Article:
The Southern CA PCT is infamous for its trail closures and detours. Forest fires often close sections of the PCT for years at a time, and there are also long-term closures for endangered species protection and for overgrowth of Poodle Dog Bush (a plant with effects similar to poison oak). Some have official detours, and others don't. Hikers have to decide whether to hike along each official or unofficial detour, which usually involves some roadwalking, or whether to try to get a ride around the closure. Our first encounter with this issue came on Day 106 with the Powerhouse Fire closure, in effect for the past 4 years. There is no "official" detour, though there is an unofficial detour so commonly used that there is a printed Halfmile map showing the route. The 12.9 mile detour is nearly all on-road, and bypasses just over 15 miles of the closed PCT. We have heard that many NOBOs catch a ride for either the road portion or even the entire stretch between Green Valley and Hikertown, but we planned to walk the full detour like every other SOBO we know. We left the PCT at Upper Shake campground (named for its location near the fault line) following a steep, narrow use trail down Shake Canyon towards the road. This section had plenty of poison oak, the first we'd seen since northern CA, but was also filled with big-leaf maples, oak trees, and more lush plant growth than we've encountered in the past few weeks. Yellow maple leaves fluttered to the ground around us as we walked, and the sunlight filtered through the remaining leaves was pleasantly warm. Along the dry streambed, brown and dying vegetation reminded us that we are more than halfway through October and despite the warm temperatures of southern CA it is definitely fall. We came out of Shake Canyon onto Pine Canyon Road, a quiet and narrow two-lane road winding through the the hills over Bushnell Summit. Once we were out of the trees, the afternoon was quite warm and that little breeze became a real lifesaver. There wasn't much of a shoulder, and we dodged plenty of litter and weeds as we walked along the hot road, making way for the occasional passing car. We laughed as we passed a road sign that said "ICY", finding it hard to imagine anything nearing those conditions.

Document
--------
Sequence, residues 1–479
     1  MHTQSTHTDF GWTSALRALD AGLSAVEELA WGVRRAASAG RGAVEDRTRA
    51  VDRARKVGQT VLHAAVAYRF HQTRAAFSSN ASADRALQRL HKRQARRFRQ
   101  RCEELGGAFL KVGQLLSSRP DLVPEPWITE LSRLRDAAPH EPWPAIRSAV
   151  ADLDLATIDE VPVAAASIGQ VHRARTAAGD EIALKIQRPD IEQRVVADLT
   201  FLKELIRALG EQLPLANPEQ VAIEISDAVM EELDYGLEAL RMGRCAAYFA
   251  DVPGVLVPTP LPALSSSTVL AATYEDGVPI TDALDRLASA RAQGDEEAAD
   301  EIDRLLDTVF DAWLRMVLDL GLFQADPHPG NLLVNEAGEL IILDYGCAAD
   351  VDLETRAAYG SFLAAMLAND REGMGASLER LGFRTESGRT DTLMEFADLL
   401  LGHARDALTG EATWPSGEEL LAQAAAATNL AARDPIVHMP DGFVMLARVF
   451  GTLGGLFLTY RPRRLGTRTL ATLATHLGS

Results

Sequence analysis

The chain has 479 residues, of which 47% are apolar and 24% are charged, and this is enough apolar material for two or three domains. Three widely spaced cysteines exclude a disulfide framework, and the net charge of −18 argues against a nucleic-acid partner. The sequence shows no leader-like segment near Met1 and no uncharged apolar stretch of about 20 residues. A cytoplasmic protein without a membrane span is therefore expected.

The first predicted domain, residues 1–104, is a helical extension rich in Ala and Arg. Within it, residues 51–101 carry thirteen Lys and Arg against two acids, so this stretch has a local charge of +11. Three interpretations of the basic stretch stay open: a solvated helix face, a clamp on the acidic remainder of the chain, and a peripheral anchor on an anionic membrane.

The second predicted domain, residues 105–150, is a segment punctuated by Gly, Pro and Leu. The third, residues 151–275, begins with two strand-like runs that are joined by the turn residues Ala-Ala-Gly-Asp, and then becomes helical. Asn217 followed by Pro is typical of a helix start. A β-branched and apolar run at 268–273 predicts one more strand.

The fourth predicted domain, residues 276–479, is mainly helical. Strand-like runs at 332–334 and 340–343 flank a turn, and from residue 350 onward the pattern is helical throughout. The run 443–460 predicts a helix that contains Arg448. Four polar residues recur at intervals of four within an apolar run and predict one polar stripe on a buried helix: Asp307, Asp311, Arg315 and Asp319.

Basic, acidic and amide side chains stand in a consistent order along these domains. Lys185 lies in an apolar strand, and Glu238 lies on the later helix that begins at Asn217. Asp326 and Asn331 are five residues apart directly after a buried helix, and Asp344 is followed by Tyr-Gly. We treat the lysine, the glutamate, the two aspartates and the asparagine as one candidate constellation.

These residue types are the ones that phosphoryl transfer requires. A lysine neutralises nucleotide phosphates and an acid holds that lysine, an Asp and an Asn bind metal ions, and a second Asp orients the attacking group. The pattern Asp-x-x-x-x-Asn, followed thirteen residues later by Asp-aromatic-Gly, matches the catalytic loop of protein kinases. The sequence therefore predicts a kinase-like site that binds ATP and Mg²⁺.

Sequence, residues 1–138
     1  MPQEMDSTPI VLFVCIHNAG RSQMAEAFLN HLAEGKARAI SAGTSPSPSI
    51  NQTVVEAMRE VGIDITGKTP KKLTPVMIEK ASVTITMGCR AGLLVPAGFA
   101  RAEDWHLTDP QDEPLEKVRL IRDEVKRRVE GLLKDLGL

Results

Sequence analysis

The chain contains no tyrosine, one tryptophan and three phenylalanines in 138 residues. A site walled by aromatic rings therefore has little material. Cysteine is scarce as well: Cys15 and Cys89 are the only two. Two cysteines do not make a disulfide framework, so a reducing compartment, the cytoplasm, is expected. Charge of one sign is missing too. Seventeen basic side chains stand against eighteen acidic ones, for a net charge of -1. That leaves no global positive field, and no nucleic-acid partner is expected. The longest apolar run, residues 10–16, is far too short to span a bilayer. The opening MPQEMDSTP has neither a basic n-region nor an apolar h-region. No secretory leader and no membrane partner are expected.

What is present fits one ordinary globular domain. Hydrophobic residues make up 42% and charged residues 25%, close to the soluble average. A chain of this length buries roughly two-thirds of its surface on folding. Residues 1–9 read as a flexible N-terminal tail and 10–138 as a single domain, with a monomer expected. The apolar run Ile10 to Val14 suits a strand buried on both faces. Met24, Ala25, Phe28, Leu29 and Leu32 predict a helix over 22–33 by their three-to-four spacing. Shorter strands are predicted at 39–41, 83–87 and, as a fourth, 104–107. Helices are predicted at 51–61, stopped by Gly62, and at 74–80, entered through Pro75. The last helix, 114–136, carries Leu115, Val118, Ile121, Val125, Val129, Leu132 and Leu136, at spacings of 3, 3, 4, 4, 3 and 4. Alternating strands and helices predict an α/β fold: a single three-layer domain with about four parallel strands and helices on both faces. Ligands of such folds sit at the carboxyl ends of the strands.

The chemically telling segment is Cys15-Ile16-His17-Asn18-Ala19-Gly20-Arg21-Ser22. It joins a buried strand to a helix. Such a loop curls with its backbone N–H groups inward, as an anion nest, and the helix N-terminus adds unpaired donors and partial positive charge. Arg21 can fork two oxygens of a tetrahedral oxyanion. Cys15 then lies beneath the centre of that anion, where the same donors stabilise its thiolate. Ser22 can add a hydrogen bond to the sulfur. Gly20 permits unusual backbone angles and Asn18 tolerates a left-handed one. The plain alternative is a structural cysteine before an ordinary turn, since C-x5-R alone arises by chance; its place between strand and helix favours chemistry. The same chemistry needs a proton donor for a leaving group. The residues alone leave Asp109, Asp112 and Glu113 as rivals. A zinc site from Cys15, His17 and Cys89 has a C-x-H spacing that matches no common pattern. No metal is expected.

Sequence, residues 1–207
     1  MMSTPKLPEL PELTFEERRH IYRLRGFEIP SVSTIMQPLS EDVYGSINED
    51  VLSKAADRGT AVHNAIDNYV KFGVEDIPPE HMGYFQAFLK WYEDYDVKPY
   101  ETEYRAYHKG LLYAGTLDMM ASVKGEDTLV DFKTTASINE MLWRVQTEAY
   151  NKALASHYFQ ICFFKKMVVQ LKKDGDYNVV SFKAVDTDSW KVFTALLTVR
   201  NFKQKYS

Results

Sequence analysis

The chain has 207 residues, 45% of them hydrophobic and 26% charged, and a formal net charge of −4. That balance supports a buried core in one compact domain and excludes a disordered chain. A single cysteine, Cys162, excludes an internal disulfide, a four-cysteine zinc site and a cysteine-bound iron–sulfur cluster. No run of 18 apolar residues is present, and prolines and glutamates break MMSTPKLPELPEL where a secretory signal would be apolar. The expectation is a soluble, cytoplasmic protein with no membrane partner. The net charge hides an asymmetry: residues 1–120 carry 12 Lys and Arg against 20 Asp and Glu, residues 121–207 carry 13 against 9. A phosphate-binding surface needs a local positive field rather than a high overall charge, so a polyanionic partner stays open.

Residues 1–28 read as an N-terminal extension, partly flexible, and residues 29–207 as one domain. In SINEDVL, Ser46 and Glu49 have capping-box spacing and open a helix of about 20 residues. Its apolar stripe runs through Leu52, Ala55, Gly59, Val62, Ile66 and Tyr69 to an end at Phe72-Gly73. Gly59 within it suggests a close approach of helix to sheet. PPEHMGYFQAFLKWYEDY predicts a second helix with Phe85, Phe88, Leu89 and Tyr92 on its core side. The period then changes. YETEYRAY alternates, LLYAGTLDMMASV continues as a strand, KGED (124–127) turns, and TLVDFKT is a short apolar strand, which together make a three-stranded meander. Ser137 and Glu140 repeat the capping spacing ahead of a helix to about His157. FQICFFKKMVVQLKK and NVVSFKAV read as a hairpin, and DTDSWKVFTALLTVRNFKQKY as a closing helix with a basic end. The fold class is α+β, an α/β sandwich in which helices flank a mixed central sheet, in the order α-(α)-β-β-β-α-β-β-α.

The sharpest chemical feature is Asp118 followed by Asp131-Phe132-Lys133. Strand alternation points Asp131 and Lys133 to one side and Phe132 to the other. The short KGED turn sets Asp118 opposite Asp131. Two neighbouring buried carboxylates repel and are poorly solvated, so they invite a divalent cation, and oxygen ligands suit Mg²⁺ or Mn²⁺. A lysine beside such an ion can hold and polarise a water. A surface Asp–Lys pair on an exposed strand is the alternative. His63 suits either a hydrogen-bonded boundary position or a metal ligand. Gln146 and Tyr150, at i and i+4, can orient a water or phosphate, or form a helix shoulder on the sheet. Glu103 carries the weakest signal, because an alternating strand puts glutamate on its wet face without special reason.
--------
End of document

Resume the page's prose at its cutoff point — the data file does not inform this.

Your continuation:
After a few miles we started to run into signs of civilization, as it were. It would be impossible to mistakenly assume implicit permission to do anything but stay on the narrow shoulder, given the number of "No Trespassing" signs that we passed on these large but ramshackle lots. We didn't see too many dogs, though there were plenty of "Beware of Dog" warnings. There were many other animals including a smattering of goats, horses, and chickens. We passed what appeared to be a wolf sanctuary, though none were out and about in the huge barren lot surrounded by chain link fencing. A run-down ostrich farm's gate was closed and locked and a schizophrenic collection of signs proclaimed "Guests Welcome", "Keep Out", "Tours and Feeding $5/person", "Must Stay Back 6' Security Camera Enforced", and perhaps most strangely, "Yard Sale Every Weekend". The market for ostrich meat and eggs must be weak. The ostriches themselves seemed bored, and ran back & forth as we walked past. Residential-type properties had yards filled with rusting iron, random small structures, and overgrown weeds. We hadn't seen a single person for miles outside of the occasional car, so we were surprised to see a guy with unruly grey hair come out of nowhere, crossing the road directly at us while carrying what appeared to be a long golf club wrapped in newspaper and masking tape. He sounded slightly unstable as he greeted us with "don't worry, they'll rush you but won't do anything." It took me a minute to notice he was also carrying dog leashes and then looked out into the open space across the road to see 3 dogs racing towards us. As advertised, they were friendly. Kenny was clearly eccentric, but a nice guy who asked us to hold a PCT symbol and interviewed us "for an art project" while recording video on his phone. We never found out about the golf club. Continuing along the road we passed a house where a wooden sign painted "FUNVILLE" in bright colors pointed up the driveway, just beyond a fence posted "Keep Out". Nearing town, we walked past two pomegranate trees laden with fruit, many cracked open and others fallen on the ground. We were so tempted to pick a few from this unfenced property overgrown with grasses and weeds. I noted that on the garage door was painted "Welcome" in large letters, the warmest signage we've seen on this entire roadwalk. But after conferring, we decided that the trees were clearly on the property (rather than hanging over a fence) and the garage wasn't painted "please pick our pomegranates," so we resisted the urge. We passed a large depression of cracked earth surrounded by willows and enclosed by a dilapidated chain-link fence plastered with "Keep Out" signs that apparently used to be one of the lakes for which the community is named. Not long after that we entered the town of Lake Hughes, a strange mix of empty lots filled with trash and tumbleweeds, new construction of concrete-block or stucco two-stories, and low ranch houses circa 1950. Many were for sale. We stopped into the "country store" and although we were told on entry that we had to buy anything we broke (?!) the older guy working there did let us refill our water. We learned from the teenager behind the register that both Hughes and Elizabeth Lakes had been dry for the past year or two on account of the drought. It struck us as depressing and poignant both to see the community, likely once a great place to visit and/or live, apparently drying up along with its lakes.